At the end of the day, 16GB is great for people who are just dipping their toe into the Apple ecosystem. It is a gateway for into the much larger Apple world, and while doing away with it may seem like a good idea, it’s unclear if Apple would actually make a 64GB option as affordable as the current 16GB option. If they can’t (or won’t), Apple will risk cutting into the already slowing iPad sales, and they will price many casual users out of the market. 16GB is a good option for many people, especially those who have forgone soaring their entire DVD library on their iPad.

Do you have a 16GB iPad? Do you find it limiting? How do you get around the limited storage? Let us know in the comments below.

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Justin McGee

Writer. Editor. Teacher. Thinker. Follow Justin on Twitter @jstnmm.

2 Comments

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  1. Exactly the reason I replaced a 16GB iPad 2 with the same capacity iPad 2 Air. Google Drive, Dropbox, Live, and iCloud = 20GB of free storage available on any device. Tunes and viddies on the iPad, work in the cloud.

  2. Considering that Apple is not the small, niche brand of 2002 anymore, but a large world wide entity whose products and services are now used in every nook and cranny of the world, you need to think beyond Cupertino and the US for that matter. I live in Jamaica, a country that has all the amenities of a developed country such as US (with an asterisk). Living in a rural pat of the country, I am limited to a limited 3G connection, the biggest telecoms companies such as Digicel and FLOW don’t seem to have any interest in bringing fixed broadband or 4G here. Digicel in particular became the first provider to bring 4G to the island in 2010, but the rollout has been spotty.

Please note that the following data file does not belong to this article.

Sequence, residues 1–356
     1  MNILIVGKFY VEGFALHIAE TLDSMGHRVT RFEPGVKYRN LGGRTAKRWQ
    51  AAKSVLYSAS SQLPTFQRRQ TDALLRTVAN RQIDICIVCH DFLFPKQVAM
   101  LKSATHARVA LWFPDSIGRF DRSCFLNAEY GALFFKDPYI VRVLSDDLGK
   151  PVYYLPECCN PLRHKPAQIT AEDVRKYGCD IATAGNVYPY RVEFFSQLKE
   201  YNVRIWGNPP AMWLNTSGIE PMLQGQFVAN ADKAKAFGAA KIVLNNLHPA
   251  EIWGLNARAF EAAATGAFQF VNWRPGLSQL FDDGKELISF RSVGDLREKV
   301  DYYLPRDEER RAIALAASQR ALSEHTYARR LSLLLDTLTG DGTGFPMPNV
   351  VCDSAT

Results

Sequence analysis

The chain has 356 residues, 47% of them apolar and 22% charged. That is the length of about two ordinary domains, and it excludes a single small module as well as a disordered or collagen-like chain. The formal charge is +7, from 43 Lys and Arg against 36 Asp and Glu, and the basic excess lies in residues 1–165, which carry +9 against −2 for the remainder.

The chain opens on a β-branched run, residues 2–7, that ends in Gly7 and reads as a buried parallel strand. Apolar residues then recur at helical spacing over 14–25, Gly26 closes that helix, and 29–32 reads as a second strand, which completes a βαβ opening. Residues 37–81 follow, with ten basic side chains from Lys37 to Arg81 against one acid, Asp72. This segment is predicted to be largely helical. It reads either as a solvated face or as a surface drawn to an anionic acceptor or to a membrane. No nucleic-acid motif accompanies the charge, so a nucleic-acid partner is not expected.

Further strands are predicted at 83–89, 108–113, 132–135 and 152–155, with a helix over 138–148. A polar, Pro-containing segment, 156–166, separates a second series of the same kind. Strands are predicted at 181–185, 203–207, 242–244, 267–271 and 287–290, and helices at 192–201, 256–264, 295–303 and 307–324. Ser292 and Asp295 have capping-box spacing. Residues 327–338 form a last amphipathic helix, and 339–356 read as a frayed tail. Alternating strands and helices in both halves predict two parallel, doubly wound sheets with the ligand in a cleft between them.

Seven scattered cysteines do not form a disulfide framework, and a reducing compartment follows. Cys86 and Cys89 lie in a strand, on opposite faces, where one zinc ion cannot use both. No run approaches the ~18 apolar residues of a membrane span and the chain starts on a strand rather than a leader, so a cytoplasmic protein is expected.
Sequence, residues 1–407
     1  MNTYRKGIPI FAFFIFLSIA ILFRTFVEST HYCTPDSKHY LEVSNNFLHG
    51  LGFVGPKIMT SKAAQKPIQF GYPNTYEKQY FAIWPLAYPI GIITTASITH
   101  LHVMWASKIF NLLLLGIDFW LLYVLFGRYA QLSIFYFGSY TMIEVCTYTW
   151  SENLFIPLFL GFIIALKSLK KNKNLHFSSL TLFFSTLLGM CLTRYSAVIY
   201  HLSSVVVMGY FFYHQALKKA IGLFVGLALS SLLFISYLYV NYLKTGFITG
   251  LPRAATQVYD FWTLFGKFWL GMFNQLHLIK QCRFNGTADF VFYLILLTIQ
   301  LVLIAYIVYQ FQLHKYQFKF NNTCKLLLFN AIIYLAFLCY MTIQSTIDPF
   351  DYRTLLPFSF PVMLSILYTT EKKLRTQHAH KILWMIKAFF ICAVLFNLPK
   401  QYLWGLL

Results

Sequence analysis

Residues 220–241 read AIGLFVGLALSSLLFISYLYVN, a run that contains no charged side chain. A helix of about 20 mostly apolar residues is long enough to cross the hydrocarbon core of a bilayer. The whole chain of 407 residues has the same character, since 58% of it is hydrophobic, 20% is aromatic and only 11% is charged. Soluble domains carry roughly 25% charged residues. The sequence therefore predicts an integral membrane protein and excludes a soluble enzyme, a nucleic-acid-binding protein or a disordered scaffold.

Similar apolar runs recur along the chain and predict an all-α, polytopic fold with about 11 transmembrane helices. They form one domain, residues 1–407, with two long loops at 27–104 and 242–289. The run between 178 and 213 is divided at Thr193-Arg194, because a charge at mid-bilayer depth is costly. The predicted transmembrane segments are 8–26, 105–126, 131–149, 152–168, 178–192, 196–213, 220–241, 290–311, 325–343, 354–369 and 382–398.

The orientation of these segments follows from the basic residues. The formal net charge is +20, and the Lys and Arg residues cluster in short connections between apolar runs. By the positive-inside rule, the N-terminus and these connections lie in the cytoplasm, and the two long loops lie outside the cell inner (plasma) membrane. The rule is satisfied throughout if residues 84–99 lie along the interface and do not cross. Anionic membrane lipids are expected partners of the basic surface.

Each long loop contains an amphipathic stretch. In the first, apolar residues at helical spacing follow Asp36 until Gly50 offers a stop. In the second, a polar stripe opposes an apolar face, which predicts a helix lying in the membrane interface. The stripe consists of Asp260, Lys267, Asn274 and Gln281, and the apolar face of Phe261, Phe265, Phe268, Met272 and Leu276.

I do have fast Internet than I did in 2010, which was GPRS (5KBs per sec at the time). Its just that, I still can’t enjoy the Internet as you describe, I am still living in 2009 with sound reasoning. My story is not limited to Jamaica, but even in parts of the US and the rest of the world. Apple realizes that too, I am sure they have the social scientist and researchers who ensure they continue to produce iPhone and iPads with larger capacities. Its just that Apple sells these larger capacities at premiums. I still believe in carrying my entire playlist with me. I have a 32 GB iPod Touch (3rd gen) and I was able to hold all my library and playlists on the device. I have an unlocked iPhone 4s 16 GB and even after pruning, between a small batch of apps, the size of iOS and my media, I am left with just 200 MBs.

    I believe the 16 GB models are just a psychological factor, once you go in the store, you will just say, let me get the bigger one, which is what I ended up doing when I purchased the iPhone 6s. What I believe Apple does not realize, when you sell lower capacities and much expensive large capacities, it limits purchasing newer models every year which is what the company wants. If I spend $950 on an iPhone 6s 64 GB, I won’t be thinking about a new iPhone until the 8s. If I buy a 16 GB, you are not gonna buy a new one next year because you already invested so much in this current one.